Real estate fund administration might lag other alternatives back-office providers in terms of assets, but rising allocations in real estate and REITs by asset owners could send assets under administration in the sector skyrocketing in the near future.
Asset owners are driving much of the increase as they now pay greater attention to the cost and execution of internal operations vs. external administration for each manager.
“Institutional investors have due-diligence teams that review operations at their managers and also with (managers') key service providers,” said Tim Fitzgerald, director and global head of Deutsche Bank's alternative fund services, Boston. “One of the big questions investors ask relates to the administrator they've chosen.”
Currently, there are fewer administrators for real estate funds and fewer assets to administer compared to private equity or hedge fund administration. According to a survey by eVestment LLC, real estate assets under administration among the 13 providers surveyed totaled $203.8 billion as of Dec. 31, while hedge fund AUA among 41 firms surveyed totaled $3.79 trillion and private equity fund AUA among 28 firms surveyed was at $879 billion.
But while real estate AUA is far below other alternative asset classes, sources said third-party real estate administration has blossomed in the past two years — growing 9.6% in the second half of 2013, the first time eVestment has broken out real estate administration by firm in its alternative fund administration survey. The gain is a direct result of increases in real estate investments made by institutional asset owners, sources said, and AUA will continue to grow.
“Real estate seems to be taking the same path that large institutional money has been directed to before, like hedge funds and private equity, and administrators have grown to accommodate the demand for institutional-quality infrastructure those investors require,” said Peter Laurelli, vice president and head of research at eVestment, New York.
“The adoption of third-party administration has come around to real estate, almost in order: first hedge fund administration, then private equity administration, now real estate,” said Tim Donovan, senior managing director, head of real estate fund administration, North America, at State Street's alternative investment solutions group, Boston. State Street had $121 billion in real estate assets under administration as of Dec. 31, accounting for 60% of total real estate AUA in eVestment's survey.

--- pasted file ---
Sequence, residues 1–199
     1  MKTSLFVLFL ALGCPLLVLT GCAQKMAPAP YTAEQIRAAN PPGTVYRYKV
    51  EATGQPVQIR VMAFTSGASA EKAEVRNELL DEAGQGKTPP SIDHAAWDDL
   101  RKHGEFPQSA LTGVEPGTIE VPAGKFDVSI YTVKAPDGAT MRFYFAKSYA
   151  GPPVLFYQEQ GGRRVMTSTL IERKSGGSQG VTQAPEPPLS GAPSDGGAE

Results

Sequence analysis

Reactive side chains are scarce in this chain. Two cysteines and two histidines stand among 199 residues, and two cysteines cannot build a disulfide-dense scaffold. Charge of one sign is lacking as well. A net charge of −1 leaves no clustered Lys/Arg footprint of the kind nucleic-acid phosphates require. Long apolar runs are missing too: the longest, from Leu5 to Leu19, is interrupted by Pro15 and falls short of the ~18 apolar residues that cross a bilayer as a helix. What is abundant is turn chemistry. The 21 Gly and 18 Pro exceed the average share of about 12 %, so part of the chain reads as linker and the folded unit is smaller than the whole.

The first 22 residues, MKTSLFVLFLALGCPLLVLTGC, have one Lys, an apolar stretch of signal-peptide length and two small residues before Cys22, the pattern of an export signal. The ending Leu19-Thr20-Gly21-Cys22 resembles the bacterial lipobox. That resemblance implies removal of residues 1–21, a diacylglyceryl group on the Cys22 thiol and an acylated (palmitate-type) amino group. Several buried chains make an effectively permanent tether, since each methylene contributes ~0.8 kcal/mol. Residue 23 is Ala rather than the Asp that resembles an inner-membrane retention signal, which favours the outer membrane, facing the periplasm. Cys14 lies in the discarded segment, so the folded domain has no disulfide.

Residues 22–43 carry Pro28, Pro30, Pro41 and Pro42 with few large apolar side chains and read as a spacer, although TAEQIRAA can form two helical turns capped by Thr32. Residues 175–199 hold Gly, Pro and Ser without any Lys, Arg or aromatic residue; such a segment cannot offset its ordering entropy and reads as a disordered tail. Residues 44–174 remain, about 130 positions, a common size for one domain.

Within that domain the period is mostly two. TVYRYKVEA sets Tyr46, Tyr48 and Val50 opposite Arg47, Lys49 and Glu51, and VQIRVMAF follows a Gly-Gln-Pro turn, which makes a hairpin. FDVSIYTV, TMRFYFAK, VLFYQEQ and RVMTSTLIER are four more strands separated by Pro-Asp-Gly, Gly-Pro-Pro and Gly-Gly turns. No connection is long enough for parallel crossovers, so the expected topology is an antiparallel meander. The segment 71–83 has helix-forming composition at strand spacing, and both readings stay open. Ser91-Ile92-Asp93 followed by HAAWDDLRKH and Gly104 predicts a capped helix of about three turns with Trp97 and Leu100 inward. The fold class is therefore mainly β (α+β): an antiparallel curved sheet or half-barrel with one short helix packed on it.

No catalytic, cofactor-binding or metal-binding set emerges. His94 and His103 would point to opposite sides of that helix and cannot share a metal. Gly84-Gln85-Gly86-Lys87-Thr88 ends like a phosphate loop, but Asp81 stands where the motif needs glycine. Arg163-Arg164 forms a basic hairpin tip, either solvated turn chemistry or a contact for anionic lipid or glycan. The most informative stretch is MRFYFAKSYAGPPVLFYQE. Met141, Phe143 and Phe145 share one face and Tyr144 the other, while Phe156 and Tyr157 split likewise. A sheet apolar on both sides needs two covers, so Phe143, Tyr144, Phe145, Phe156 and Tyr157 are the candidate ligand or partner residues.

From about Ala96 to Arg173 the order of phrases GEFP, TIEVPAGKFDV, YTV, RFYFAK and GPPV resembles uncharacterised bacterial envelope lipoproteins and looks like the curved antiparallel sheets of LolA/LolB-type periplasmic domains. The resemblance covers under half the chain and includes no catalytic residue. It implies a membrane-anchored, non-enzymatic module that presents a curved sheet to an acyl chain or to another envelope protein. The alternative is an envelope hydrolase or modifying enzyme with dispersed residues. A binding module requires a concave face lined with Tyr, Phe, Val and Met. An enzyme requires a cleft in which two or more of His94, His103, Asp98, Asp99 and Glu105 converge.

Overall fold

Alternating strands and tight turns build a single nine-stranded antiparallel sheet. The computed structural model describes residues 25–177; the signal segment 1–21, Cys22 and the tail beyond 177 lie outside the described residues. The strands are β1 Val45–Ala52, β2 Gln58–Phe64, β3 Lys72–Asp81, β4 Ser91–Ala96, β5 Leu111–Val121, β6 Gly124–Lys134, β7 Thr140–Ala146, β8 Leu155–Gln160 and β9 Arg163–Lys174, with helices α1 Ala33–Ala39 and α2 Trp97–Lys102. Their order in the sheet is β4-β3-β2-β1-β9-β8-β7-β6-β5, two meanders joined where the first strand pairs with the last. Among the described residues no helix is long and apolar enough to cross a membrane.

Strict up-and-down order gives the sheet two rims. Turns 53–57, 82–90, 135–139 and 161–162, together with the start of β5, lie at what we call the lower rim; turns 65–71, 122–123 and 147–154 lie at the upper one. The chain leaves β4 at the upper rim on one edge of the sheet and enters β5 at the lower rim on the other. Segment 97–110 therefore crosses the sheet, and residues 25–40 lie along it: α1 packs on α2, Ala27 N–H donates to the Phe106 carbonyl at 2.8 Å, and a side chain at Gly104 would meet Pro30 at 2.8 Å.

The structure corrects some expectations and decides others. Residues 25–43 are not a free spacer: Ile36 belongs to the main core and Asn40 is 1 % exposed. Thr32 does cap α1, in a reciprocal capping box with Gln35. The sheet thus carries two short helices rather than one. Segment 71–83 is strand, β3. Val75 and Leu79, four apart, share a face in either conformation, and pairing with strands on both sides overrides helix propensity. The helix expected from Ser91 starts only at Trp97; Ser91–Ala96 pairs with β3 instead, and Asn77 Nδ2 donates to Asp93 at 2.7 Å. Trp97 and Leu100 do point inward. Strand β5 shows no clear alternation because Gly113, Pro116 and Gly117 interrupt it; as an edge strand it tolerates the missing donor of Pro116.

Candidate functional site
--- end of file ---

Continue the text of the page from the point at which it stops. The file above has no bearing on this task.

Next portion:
Deutsche Bank's Mr. Fitzgerald said real estate fund administration historically had one of the lowest outsourcing rates compared with other alternatives. “In the past, core real estate has suffered from a return perspective, particularly in the U.S.,” he said. “In good days, the cost of international operations teams was less of an issue. Now, that cost is a material issue. (Managers) are now going through reviews of their operations.” Deutsche Bank had $4.05 billion in real estate AUA as of Dec. 31, up 35% from six months earlier, mostly from an existing financial institution client creating a new core real estate investment trust in Mexico. Mr. Fitzgerald wouldn't name the client.
Asset owners advised by Callan Associates LLC routinely ask prospective real estate managers about accounting operations, and while they don't generally decide based on whether the services are done in-house or by an external administrator, the issue does come down to expertise and cost, said Avery Robinson, San Francisco-based vice president and consultant in Callan's real assets consulting group.
“It's always a question we do ask,” Mr. Robinson said. “While we don't see a strong trend one way or the other (internal vs. external operations), it does come down to: One, how qualified are those doing the accounting, internally or externally? And two, what will the cost of these services be whether the manager does this or outsources?”
Messrs. Robinson and Donovan said an increase in the number of smaller real estate managers getting institutional assets has accounted for some of the AUA increase because those firms don't have the scale or capability of doing administration in-house.
However, Mr. Donovan said the cost of real estate managers creating an internal back office will be a future issue for asset owners seeking managers. Many of those asset owners could prefer that those firms use third-party real estate fund administrators instead. “Until you've built a back office, people don't realize what an enormous task it is, how expensive it is. You'd know why an investor would be concerned about this, about how a fund manager administers the assets.”
Still, asset owners now concentrate their manager search efforts on a firm's returns rather than their operations, but that is changing. “In such a newsy space like real estate,” because of its volatility, “there's a lot of news around it, so investors will spend more time on the returns. That's not necessarily unreasonable,” said Ian Toner, director of strategic research, Wurts & Associates, Seattle. “But the back-office components are going to get more and more important. Pension funds are not pounding the table yet about that, but we can see it growing in importance.”
While selecting a real estate fund administrator “is in the manager's court,” Mike Thompson, real estate portfolio manager at the $183.3 billion California State Teachers' Retirement System, West Sacramento, said prospective real estate managers are asked in the RFP process to disclose whether the back-office functions are performed internally or outsourced to a fund administrator, and if the latter, who that administrator is. “It's part of our overall due diligence. All of that matters; it's all part of selecting the right manager.”